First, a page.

ERR_NAME_NOT_RESOLVED – 10 Effective Fixes

When you visit a website, your computer needs to match its domain name with a relevant IP address to establish a connection. This matching of the IP address and the domain name is handled by the Domain Name System (DNS).


However, sometimes this translation process encounters an issue, resulting in the ERR_NAME_NOT_RESOLVED error. This error occurs when the server is unable to fetch the relevant IP address, which can happen due to several reasons.


Fortunately, there are many ways to mitigate this error. In this blog post, you will learn about what the error is, its causes, and 10 hassle-free methods to remove it once and for all. So, let's get started!

What is the ERR_NAME_NOT_RESOLVED Error?

So, what is the error we are trying to resolve? When you enter a web address into your browser, it looks up the corresponding hostname in the DNS directory. The browser then sends a signal to the DNS to fetch the IP address for the website. Once the IP address is obtained, the browser establishes a connection to the webpage.


If you've visited the webpage before, the browser may use cookies and cache to quickly load the webpage and personalize your experience.


However, if you've never visited the webpage before, the browser relies on a method called DNS domain name resolution to fetch the IP address. If the IP address cannot be resolved for any reason, you encounter the ERR_NAME_NOT_RESOLVED error.

Why Does the ERR_NAME_NOT_RESOLVED Error Occur?

There could be several factors contributing to this error. One common cause is a website moving to a new IP address while your browser cache still holds the old version of the site from a different address. This can result in the DNS fetching an outdated website that may or may not exist, triggering the error.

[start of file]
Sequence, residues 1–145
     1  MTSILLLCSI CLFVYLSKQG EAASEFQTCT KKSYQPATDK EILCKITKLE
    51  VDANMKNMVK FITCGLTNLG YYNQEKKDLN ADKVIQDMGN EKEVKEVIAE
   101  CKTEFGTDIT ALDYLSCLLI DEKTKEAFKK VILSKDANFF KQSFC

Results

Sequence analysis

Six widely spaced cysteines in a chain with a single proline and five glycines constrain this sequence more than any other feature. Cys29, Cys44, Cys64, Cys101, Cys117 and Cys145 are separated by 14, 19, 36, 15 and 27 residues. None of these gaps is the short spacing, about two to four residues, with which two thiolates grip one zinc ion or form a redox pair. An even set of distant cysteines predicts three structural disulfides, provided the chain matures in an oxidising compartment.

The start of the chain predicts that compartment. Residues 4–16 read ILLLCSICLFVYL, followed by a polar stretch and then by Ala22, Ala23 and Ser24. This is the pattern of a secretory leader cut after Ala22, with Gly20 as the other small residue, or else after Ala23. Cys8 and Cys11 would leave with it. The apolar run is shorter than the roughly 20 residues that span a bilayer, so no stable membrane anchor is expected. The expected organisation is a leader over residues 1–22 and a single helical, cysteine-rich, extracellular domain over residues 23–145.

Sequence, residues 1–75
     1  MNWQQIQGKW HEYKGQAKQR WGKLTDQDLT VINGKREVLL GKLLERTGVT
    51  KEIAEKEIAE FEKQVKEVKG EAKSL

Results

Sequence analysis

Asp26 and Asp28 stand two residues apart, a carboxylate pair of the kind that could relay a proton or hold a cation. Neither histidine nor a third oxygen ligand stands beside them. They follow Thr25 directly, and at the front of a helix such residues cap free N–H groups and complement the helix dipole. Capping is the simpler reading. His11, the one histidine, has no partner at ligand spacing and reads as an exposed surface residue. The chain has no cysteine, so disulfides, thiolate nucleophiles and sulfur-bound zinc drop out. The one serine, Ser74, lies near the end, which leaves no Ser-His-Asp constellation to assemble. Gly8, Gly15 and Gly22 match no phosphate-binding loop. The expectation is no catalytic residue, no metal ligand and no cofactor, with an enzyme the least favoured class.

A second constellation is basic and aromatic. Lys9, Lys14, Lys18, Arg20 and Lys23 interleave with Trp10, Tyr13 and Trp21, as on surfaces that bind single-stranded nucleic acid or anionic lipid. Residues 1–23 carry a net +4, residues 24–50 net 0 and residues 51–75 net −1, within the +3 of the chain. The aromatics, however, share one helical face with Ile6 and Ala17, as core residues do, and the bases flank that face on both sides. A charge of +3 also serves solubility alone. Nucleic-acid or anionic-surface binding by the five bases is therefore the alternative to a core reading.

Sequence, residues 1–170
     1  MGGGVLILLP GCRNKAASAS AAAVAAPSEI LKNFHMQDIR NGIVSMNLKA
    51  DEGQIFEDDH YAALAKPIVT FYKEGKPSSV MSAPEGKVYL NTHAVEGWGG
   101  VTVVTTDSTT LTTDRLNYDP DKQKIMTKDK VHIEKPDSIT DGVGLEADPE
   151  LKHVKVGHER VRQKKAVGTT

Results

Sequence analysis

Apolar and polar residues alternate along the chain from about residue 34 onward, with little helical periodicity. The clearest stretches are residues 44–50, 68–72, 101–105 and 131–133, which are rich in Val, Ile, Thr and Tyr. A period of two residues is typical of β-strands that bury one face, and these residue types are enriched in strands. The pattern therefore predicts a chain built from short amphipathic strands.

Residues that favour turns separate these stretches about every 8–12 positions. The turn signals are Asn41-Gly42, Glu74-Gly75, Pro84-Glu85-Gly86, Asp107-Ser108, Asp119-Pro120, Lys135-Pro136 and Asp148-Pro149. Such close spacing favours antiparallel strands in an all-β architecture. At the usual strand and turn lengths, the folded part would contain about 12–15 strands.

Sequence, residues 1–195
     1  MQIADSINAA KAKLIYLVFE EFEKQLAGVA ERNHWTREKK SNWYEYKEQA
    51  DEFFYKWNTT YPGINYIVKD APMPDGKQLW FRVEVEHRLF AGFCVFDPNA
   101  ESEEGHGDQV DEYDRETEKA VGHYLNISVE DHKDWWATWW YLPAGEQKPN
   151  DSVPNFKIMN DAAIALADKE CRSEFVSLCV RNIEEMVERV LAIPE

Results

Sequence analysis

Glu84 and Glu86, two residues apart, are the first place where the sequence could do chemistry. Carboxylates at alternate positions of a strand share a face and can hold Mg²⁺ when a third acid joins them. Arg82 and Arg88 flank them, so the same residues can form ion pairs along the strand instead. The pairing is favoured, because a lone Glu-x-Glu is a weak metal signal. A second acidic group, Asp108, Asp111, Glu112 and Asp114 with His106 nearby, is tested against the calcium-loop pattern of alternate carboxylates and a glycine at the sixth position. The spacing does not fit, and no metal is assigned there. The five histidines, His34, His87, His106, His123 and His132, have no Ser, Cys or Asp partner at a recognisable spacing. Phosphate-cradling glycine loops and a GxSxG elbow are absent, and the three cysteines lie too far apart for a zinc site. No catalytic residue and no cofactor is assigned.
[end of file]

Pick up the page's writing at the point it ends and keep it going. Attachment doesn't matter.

Other possible causes include an interrupted internet connection, router malfunctions, or network configuration issues that can all lead to the same error message.



There are numerous ways to get this error removed from your screen. You can skim through the list to find your perfect match.

1.Flush DNS Cache

The most common cause of this error is an outdated cache in your browser. When a website changes its domain or IP address, your browser may still be storing the old information in its cache. As a result, the DNS lookup fetches an invalid IP address and the website cannot be accessed.


To resolve this issue, you can clear your DNS cache, which will allow your browser to retrieve the latest information and make your browsing experience more efficient.


  1. Go to the Start Menu and search for the command prompt and open it.

  1. Once it opens, type the syntax: ipconfig /flushdns.

  1. Press the Enter key.
  2. You will know that the outdated DNS has cleared out when you will see the message, Successfully flushed the DNS Resolver Cache.


2. Remove Host Cache from Chrome

Similar to your operating system, your web browser also stores DNS data in its cache to improve browsing speed and personalization. However, this cached data can become outdated and cause the ERR_NAME_NOT_RESOLVED error to occur. To mitigate this error, you can adjust the settings on Google Chrome to clear this cached data regularly and prevent the issue from occurring.


  1. Go to Chrome and type chrome://net-internals/#dns in the address bar. Hit Enter.